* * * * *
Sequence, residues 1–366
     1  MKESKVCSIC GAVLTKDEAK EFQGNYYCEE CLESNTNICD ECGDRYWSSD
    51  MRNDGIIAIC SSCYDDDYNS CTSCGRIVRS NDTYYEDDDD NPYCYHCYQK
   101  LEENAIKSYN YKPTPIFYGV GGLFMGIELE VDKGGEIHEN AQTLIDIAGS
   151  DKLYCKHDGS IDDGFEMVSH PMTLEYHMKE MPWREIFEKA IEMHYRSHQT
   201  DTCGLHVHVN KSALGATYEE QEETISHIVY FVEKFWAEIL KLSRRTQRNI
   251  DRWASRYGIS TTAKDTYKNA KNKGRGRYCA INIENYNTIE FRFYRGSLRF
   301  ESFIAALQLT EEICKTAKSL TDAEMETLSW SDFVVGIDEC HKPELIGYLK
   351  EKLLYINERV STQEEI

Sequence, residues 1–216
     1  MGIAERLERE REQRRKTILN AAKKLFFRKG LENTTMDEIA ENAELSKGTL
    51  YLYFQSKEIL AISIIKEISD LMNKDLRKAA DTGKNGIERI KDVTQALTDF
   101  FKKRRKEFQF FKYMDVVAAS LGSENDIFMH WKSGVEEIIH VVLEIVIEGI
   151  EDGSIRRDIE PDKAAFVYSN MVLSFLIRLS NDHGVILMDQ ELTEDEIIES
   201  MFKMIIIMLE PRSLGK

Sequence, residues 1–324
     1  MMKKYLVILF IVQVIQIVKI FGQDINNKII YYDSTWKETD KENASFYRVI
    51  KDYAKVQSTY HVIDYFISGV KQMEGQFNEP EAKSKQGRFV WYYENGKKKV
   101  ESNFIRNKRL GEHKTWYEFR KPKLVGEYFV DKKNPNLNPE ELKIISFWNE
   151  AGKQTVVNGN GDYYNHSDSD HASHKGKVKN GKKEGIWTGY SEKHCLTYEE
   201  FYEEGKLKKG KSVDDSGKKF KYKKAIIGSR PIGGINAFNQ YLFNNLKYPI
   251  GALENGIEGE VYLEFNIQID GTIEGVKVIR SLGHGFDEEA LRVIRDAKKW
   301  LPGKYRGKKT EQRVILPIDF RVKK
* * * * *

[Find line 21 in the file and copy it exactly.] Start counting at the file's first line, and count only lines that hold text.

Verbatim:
   201  FYEEGKLKKG KSVDDSGKKF KYKKAIIGSR PIGGINAFNQ YLFNNLKYPI